Age milestones

The youngest person to fly in space is Gherman Titov, who was 25 years old when he flew Vostok 2. (Titov was also the first person to suffer space sickness).The oldest person who has flown in space is John Glenn, who was 77 when he flew on STS-95. The longest stay in space was 438 days, by Russian Valeri Polyakov.As of 2006, the most spaceflights by an individual astronaut is seven, a record held by both Jerry L. Ross and Franklin Chang-Diaz. The furthest distance from Earth an astronaut has traveled was 401,056 km, during the Apollo 13 emergency.

  

Non-government milestones

The first non-governmental space traveler was Byron K. Lichtenberg, a researcher from the Massachusetts Institute of Technology who flew on STS-9 in 1983.In December 1990, Toyohiro Akiyama became the first paying space traveler as a reporter for Tokyo Broadcasting System, a visit to Mir as part of an estimated $12 million (USD) deal with a Japanese TV station, although at the time, the term used to refer to Akiyama was "Research Cosmonaut".Akiyama suffered severe space-sickness during his mission, which affected his productivity.

 

The first self-funded space tourist was Dennis Tito onboard the Russian spacecraft Soyuz TM-3 on 28 April 2001.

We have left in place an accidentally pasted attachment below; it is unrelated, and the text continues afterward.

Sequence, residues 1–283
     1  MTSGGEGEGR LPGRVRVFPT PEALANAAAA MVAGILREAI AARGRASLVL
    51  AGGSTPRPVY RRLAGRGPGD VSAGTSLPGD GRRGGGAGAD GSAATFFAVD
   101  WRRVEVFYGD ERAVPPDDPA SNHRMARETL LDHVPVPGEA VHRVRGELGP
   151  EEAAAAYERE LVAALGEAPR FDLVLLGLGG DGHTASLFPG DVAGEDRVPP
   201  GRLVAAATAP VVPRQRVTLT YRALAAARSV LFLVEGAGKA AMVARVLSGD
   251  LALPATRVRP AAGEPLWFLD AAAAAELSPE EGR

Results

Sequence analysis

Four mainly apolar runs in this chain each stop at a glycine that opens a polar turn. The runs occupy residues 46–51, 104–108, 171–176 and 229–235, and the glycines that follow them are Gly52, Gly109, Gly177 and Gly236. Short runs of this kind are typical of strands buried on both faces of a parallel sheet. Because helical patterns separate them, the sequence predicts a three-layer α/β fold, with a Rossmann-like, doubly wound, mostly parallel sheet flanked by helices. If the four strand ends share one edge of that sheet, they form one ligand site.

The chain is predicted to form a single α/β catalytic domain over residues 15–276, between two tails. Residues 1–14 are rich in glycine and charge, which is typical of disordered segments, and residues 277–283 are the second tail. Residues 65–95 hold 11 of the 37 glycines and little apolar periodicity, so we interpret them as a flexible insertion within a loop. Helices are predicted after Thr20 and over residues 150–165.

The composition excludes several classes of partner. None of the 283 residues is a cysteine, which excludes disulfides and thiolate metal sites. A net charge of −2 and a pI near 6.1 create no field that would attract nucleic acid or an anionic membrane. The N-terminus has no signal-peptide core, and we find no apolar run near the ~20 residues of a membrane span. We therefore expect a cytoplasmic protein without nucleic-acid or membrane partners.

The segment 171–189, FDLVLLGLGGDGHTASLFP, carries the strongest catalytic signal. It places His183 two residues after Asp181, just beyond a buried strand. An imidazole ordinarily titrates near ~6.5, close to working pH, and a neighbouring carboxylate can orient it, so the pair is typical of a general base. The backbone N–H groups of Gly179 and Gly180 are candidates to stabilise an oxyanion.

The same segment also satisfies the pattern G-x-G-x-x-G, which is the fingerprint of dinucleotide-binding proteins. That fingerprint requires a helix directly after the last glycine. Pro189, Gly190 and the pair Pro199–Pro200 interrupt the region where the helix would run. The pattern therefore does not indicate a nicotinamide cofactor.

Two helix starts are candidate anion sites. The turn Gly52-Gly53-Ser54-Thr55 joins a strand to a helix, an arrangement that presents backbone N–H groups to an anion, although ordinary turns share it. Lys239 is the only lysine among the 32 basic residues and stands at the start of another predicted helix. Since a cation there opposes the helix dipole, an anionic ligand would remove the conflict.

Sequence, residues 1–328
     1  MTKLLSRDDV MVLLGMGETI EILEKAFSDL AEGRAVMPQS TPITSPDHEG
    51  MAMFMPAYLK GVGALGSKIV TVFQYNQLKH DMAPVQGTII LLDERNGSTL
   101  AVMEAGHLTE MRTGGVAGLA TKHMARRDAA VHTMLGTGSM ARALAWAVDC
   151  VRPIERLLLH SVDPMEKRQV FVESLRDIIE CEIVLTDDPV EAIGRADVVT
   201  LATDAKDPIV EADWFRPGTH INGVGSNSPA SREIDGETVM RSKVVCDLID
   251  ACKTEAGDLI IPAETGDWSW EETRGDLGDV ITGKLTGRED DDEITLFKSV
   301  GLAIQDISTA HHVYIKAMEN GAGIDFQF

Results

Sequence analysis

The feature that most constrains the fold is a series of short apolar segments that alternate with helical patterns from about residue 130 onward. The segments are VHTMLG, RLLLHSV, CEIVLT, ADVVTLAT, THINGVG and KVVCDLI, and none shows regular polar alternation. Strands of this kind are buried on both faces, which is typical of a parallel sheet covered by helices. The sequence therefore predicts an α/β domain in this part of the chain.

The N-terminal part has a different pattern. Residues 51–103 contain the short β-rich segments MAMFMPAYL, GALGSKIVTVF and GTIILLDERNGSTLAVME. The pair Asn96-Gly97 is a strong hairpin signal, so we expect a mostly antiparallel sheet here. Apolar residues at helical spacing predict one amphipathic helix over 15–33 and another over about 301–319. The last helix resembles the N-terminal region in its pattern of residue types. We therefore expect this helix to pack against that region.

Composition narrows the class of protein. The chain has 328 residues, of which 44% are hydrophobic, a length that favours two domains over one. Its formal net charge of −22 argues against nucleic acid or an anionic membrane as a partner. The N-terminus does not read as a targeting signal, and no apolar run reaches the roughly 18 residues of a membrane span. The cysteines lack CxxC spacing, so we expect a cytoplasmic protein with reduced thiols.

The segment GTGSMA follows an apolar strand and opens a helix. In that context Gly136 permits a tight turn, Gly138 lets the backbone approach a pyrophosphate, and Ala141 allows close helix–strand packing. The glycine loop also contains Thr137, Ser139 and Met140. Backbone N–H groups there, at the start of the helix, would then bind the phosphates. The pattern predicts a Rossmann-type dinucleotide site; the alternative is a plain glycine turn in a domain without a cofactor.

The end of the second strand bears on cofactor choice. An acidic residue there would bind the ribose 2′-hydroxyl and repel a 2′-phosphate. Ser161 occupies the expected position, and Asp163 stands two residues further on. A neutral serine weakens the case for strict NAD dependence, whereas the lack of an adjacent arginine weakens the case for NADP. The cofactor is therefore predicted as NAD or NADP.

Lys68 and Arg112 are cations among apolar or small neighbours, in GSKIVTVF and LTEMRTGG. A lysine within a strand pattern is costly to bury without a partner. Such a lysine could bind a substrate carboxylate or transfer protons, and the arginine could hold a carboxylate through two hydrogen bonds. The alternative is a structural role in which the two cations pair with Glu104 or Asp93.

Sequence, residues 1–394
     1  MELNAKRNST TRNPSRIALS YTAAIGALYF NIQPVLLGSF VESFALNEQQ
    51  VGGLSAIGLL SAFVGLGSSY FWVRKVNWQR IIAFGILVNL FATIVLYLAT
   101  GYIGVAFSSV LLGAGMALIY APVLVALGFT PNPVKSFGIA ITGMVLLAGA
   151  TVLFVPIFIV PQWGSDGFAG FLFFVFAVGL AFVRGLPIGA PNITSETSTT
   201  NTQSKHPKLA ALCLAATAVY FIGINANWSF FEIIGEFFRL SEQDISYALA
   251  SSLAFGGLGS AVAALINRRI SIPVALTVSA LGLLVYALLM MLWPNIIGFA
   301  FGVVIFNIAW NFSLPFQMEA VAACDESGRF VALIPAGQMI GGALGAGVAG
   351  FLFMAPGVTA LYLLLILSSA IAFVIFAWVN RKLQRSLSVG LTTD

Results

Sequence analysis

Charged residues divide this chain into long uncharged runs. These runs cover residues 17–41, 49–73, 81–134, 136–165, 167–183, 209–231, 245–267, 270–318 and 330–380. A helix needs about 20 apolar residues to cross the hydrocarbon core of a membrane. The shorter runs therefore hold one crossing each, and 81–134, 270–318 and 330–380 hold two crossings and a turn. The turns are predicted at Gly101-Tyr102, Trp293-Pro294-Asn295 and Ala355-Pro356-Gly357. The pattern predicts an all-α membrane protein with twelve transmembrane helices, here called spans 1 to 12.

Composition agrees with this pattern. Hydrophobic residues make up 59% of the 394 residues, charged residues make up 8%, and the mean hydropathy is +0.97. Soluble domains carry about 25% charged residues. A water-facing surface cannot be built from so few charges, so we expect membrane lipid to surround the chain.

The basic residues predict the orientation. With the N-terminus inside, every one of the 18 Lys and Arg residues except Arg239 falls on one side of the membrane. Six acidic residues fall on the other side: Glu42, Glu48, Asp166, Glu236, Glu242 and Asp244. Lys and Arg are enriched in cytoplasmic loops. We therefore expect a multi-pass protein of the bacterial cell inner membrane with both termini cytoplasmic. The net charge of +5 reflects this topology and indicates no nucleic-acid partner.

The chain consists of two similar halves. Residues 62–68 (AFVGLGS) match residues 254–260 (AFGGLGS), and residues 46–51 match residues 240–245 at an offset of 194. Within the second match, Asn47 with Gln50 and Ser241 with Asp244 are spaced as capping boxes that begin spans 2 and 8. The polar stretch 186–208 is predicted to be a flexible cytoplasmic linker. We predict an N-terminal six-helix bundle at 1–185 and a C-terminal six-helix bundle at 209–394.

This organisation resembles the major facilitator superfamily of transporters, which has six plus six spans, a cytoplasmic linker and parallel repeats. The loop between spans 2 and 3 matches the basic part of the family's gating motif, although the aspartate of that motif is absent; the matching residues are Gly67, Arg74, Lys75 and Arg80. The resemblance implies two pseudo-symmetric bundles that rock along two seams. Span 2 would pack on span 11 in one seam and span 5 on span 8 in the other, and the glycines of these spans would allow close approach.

Self-funded travelers

Main article: Space tourist

The first person to fly on an entirely privately-funded mission was Mike Melvill, piloting SpaceShipOne flight 15P on a sub-orbital journey, although he was a test pilot employed by Scaled Composites and not an actual paying space tourist. Six others have paid to fly into space:

 

Dennis Tito (American): April 28 – May 6, 2001

Mark Shuttleworth (South African / British): April 25 – May 5, 2002 (ISS)

Gregory Olsen (American): October 1 – October 11, 2005 (ISS)

Anousheh Ansari (Iranian / American): September 18 – September 29, 2006 (ISS)

Charles Simonyi (Hungarian / American): April 7 – April 21, 2007 (ISS)

Richard Garriott (American): October 12- October 24, 2008 (ISS)

 

Training

Astronaut ranks and positions

The first NASA astronauts were selected in 1959. Early in the space program, military jet test piloting and engineering training were often cited as prerequisites for selection as an astronaut at NASA, although neither John Glenn nor Scott Carpenter (of the Mercury Seven) had any university degree, in engineering or any other discipline at the time of their selection. Selection was initially limited to military pilots.The earliest astronauts for both America and Russia tended to be jet fighter pilots, and were often test pilots.